I have always been at least mildly interested in Politics. I remember even as a child pointing out all the posters and stickers in people’s windows and in their gardens, and as I got older I studied it at A Levels, volunteered for a political party during University, debated switching to study Politics, and all the while I never trusted my instincts in what I believed. As I come nearer and nearer to a decision on whether to do a Masters in Politics, I think it is time that I just write what I believe. If it’s wrong, it’s wrong, and I will research better next time. The American election has impacted everyone this year, and I don’t think anyone can write anything new about it it has been covered so much and in such depth. There are good articles and there are bad articles, this is just my ‘article.’
I think a big mistake in Hillary Clinton’s political campaign, and the PR utilised for it, was assuming that the fact she was a woman would be enough to galvanise white women to vote for her. That every woman in America was waiting with bated breath for a chance to have their feminism shine through and openly choose a woman over a man. Everything they focused on was because of her gender; even the attempted take down of Trump was focusing on his language and treatment of women. To a certain extent they were harmed in their assuming that women would automatically see themselves in Clinton, and want to vote her into office. In a year where there has been so much at stake politically, and so many tensions running high for a number of reasons, Clinton’s campaign instead focused on her ‘breaking the glass ceiling.’ Of course, it would be amazing to have a female President, but I’m sure a lot of older British people would take back our first female Prime Minister, and in a way, it’s insulting to Clinton to say she would have only won because of her gender.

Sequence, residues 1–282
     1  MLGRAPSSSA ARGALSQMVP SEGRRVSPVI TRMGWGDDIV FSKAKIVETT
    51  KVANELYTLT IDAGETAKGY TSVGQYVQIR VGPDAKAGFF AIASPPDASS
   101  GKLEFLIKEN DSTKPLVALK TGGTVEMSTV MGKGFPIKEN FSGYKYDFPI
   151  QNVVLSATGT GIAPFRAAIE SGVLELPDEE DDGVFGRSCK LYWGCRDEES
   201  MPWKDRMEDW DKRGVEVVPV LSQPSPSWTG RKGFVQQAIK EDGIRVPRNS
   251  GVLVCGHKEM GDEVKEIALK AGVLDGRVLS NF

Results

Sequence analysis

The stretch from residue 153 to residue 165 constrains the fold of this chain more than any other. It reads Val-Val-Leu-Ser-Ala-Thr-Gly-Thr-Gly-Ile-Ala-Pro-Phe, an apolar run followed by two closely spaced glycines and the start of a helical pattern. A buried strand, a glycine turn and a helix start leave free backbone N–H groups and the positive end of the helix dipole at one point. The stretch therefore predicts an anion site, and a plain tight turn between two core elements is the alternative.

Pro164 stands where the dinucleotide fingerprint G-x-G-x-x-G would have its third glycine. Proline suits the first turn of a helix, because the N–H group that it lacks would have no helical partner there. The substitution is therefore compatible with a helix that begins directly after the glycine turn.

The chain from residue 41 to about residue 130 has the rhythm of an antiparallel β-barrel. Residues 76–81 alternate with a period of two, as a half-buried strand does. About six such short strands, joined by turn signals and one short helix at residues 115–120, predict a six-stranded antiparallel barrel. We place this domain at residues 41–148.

She was the most qualified candidate, and she has worked throughout her whole life in politics to get to that glass ceiling, only to be beaten by a racist misogynist businessman. There are many arguments as to why people voted the way they did, and I don’t really think it can be reduced to any one, or even a few. It’s unfair to say that people voted for Trump because they were uneducated or racist or inherently hated women (I’m sure for some this is true however) and this marginalisation of voters is a reason why they are rebelling against modern politics. 53% of white women did not want to be marginalised and told that they should be voting for Clinton, because she represented women. My gut reaction when I heard the figures was to be sad that there were so many women out there who respected themselves so little that they would vote for a man that had spoken so despicably about women and possible sexually assaulted many. But that many women are not all stupid. They are not all pushing aside Trump’s words as ‘boy talk’ and they are not all stay at home housewives who want to feel appreciated. Many of them made a calculated decision to vote for Trump and I can’t tell you why that is. No one can, apart from the people who did. But Clinton was not the right choice just because she was a woman. She could have been the right choice for many reasons, for her years working in politics and her undeniable knowledge, and in fact her first-hand knowledge of being married to a former President, but a lot of the choices she made and actions she took in her active years made people distrustful of her, and the fact that she was a woman was not going to change that.